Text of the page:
A team of scientists are working on a four-legged robot which could one day join Nasa’s Perseverance rover on Mars.
Researchers from Swiss Federal Institute of Technology (ETH Zurich) and Max Planck Institute for Solar System Research in Germany are working on a small quadruped robot, named SpaceBok, that could deal with the complex terrain of the red planet.
The robot was originally designed to leap and bound on the surface of the Moon in the same way astronauts did during the Apollo landings. It is inspired by the springbok antelope which are also known to “pronk” or leap into the air.
In order to alter its concept for Mars, where the terrain is challenging and gravity is stronger, the team behind SpaceBok has altered the robot’s gait to make it steadier.
According to its work published on preprint server arXiv, the project tested different gaits, as well as small hoof-like feet and flat, round feet with cleats for more stability. The study found SpaceBok is able to efficiently climb a simulated Martian incline without falling.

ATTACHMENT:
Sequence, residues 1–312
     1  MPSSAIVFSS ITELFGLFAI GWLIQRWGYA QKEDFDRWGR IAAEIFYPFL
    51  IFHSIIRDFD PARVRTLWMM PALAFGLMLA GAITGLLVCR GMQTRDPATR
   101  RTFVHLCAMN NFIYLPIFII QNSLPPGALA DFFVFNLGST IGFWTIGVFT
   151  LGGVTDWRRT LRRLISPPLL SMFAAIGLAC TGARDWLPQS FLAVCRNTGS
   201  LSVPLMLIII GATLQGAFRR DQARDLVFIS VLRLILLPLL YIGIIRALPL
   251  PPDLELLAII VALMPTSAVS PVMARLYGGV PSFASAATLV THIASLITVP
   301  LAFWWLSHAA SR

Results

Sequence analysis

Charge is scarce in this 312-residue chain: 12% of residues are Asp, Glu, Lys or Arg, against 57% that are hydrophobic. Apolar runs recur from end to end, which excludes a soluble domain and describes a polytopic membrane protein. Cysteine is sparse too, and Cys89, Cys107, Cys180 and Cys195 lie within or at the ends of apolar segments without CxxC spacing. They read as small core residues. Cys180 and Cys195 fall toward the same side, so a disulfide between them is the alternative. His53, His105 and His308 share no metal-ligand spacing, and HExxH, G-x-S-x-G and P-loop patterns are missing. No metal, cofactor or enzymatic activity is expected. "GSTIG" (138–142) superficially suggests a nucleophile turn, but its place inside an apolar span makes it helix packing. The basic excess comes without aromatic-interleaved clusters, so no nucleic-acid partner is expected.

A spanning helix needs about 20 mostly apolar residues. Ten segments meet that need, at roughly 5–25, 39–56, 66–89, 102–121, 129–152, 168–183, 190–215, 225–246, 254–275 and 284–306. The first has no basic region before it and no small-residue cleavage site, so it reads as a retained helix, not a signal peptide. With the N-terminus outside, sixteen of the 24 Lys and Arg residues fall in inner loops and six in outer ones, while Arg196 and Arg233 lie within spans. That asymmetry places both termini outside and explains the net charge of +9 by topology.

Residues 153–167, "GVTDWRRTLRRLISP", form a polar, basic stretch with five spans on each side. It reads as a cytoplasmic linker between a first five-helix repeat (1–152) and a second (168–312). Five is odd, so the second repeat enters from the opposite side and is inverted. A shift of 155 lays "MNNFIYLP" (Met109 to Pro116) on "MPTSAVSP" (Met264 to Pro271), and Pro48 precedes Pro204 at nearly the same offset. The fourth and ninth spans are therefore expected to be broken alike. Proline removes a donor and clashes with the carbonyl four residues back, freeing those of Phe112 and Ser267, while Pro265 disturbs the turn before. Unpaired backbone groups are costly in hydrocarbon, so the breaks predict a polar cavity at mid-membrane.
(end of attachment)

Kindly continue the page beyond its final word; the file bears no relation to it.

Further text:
Once the researchers had different configurations of gaits and feet they could use to customise the robot, they trialled it in a tilted sandbox loaded with material that approximates the soil found on Mars. The team said this enable them to test whether any of those configurations allowed the robot to get up a 25-degree plane. By monitoring the robot’s energy usage, they could quantify how efficient each of the configurations of gaits and feet were.
“We wanted to show that these dynamically working systems nowadays, they can actually walk on the Martian sand,” said ETH Zurich roboticist Hendrik Kolvenbach, the study’s lead author. “This is a technology that has a lot of potential now for the future.”